Aerial photo taken on April 1, 2017 shows Xiongxian County, north China’s Hebei province. China announced on April 1 it would establish the Xiongan New Area in Hebei province, as part of measures to advance the coordinated development of the Beijing-Tianjin-Hebei (BTH) region. The New Area, about 100 km southwest of downtown Beijing, will span three counties that sit at the center of the triangular area formed by Beijing, Tianjin and Hebei’s provincial capital Shijiazhuang.[Photo/Xinhua]
China will set a high standard in building the Xiongan New Area, a landmark new economic zone near Beijing designed to integrate the capital with its surrounding areas.
China will speed up the drafting of plans for building the new area, said He Lifeng, head of the National Development and Reform Commission (NDRC), highlighting “international standards,” “Chinese characteristics,” “reform” and “innovation” as key words in making the plan.
Speaking to Xinhua after the country announced it would set up the new area on April 1, He called for pooling talent from China and other countries and drawing on international experience to build the area.
A circular issued by the Communist Party of China (CPC) Central Committee and the State Council described the move as a “major historic and strategic choice” that would be “crucial for the millennium to come.”
City planning for the Xiongan New Area must reach the standard of a first-class international city, and architecture there should fully embody elements of Chinese culture, He said in the interview.
Located some 100 kilometers southwest of downtown Beijing, the new area is home to Baiyangdian, one of the largest freshwater wetlands in north China. With more than 140 lakes and covering 360 square kilometers, the wetland is known as the “pearl” of the North China Plain.
A specific plan for pollution control and environmental protection of Baiyangdian will be drafted as part of the blueprint, said He.
The decision to establish the new area is part of a greater strategy, which China initiated in 2014, to jointly develop Beijing, the port city of Tianjin and Hebei to improve the region’s economic structure, environment and public services, and bridge the gap between the capital and the industrial and rural areas surrounding it.
Beijing, home to over 21 million people, is trying to curb population growth and relocate industries and other “noncapital functions” to Hebei in the coming years as part of its efforts to cure severe “urban ills.”
Beijing’s growing population, which is approaching the target of 23 million for 2020, has resulted in traffic congestion, soaring property prices and excessive burden on resources, said the NDRC head.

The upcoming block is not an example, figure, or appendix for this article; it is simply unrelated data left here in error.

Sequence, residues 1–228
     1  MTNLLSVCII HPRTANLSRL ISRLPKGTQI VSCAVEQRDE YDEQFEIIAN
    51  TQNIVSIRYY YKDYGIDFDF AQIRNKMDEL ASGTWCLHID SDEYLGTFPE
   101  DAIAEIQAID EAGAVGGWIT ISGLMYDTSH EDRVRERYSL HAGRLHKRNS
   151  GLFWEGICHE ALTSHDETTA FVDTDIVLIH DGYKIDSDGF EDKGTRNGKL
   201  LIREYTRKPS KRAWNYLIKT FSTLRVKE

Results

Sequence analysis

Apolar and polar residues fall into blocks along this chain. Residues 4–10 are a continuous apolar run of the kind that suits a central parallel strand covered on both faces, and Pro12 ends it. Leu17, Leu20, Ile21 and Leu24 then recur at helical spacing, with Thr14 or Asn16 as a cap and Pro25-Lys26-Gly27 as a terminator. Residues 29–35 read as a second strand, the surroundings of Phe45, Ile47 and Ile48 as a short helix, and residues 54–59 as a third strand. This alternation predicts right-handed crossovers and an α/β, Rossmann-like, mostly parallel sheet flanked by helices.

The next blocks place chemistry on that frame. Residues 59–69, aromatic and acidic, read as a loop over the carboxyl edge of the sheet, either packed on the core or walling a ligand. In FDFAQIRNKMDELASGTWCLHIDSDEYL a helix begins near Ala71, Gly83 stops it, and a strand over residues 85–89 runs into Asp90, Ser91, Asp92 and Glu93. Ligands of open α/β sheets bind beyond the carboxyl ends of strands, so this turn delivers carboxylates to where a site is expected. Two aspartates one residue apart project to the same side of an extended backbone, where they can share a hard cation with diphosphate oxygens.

Establishing the Xiongan New Area is “a very important integral part” of measures to transfer noncapital functions out of Beijing, said He.
Beijing will focus on its “capital functions,” serving as the country’s political center, cultural center, and center for international exchanges and science and technological innovation, according to previous plans.
A number of wholesale markets in the city’s central areas have been shut down or relocated, and some of Beijing’s city administration will be moved out of the city center to the southeastern suburbs in Tongzhou, which is called Beijing’s “subsidiary administrative center.”
Innovation will be the fundamental driver in building and developing the Xiongan New Area, and policies will be put in place to bring innovative elements to the area, said He.
The new area will create a favorable environment for innovation and attract innovative talent and teams to help build it into a “high ground” for innovation and a new science and technology city, the official said.
The NDRC chief pointed to reform as a key to development, saying that new administrative, investment and financing models will be tried in the new area.
A long-term and stable funding mechanism will be put in place, and private funds will be encouraged to participate in building the new area, He added.
The central government is also mulling specific support policies and will provide policy and funding support for the new area’s major projects in transportation, ecology, water conservation, energy and public services, said the NDRC head.
The New Area will span three counties that sit at the center of the triangular area formed by Beijing, Tianjin, and Hebei’s provincial capital Shijiazhuang. It will initially occupy 100 square kilometers and eventually cover 2,000 square kilometers.
The new area will be of the same national significance as the Shenzhen Special Economic Zone, established in the 1980s, and the Shanghai Pudong New Area, set up in the 1990s, said the circular on April 1.
Shenzhen has grown from a fishing village into a bustling cosmopolitan city, while Pudong has turned from a wetland into China’s financial hub.
In the interview, the NDRC head didn’t give a timetable for the building of the new area.